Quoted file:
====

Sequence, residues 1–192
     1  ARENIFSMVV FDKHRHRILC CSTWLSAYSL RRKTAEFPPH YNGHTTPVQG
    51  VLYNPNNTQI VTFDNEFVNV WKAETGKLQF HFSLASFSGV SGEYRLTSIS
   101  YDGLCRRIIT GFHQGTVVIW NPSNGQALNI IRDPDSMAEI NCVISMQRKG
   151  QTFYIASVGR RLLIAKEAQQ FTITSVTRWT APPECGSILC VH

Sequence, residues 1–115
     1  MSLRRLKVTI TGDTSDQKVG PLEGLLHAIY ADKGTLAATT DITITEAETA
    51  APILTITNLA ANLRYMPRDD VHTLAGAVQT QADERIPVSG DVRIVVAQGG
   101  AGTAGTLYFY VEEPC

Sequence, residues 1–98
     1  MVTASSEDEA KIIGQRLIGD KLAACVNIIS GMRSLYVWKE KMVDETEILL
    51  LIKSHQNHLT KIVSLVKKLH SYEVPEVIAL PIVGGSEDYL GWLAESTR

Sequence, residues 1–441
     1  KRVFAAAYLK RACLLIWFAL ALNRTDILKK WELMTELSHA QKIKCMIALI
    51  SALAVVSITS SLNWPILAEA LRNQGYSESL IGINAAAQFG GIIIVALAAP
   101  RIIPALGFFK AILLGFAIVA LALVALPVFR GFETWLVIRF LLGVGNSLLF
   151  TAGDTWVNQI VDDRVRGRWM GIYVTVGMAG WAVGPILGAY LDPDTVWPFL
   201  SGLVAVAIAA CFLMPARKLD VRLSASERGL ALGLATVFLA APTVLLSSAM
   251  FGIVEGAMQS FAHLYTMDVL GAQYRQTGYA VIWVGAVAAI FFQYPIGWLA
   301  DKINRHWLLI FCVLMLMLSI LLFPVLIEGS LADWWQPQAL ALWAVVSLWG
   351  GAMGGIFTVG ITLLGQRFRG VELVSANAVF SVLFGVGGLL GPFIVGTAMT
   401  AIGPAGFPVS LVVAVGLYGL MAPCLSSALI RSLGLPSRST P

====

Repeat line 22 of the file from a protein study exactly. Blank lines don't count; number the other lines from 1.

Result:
   401  AIGPAGFPVS LVVAVGLYGL MAPCLSSALI RSLGLPSRST P